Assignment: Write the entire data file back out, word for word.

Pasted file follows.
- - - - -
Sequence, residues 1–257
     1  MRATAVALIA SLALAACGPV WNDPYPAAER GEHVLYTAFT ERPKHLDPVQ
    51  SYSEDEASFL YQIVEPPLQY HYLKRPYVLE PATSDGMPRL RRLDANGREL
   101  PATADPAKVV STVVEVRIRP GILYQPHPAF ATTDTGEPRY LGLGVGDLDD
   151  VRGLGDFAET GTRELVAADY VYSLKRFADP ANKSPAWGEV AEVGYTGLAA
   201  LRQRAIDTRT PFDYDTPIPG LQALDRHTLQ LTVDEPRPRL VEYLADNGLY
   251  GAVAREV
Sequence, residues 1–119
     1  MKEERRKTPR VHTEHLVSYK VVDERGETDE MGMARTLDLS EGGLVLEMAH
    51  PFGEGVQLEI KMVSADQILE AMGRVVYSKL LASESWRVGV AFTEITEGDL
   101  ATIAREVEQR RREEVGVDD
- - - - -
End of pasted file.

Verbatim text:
Sequence, residues 1–257
     1  MRATAVALIA SLALAACGPV WNDPYPAAER GEHVLYTAFT ERPKHLDPVQ
    51  SYSEDEASFL YQIVEPPLQY HYLKRPYVLE PATSDGMPRL RRLDANGREL
   101  PATADPAKVV STVVEVRIRP GILYQPHPAF ATTDTGEPRY LGLGVGDLDD
   151  VRGLGDFAET GTRELVAADY VYSLKRFADP ANKSPAWGEV AEVGYTGLAA
   201  LRQRAIDTRT PFDYDTPIPG LQALDRHTLQ LTVDEPRPRL VEYLADNGLY
   251  GAVAREV
Sequence, residues 1–119
     1  MKEERRKTPR VHTEHLVSYK VVDERGETDE MGMARTLDLS EGGLVLEMAH
    51  PFGEGVQLEI KMVSADQILE AMGRVVYSKL LASESWRVGV AFTEITEGDL
   101  ATIAREVEQR RREEVGVDD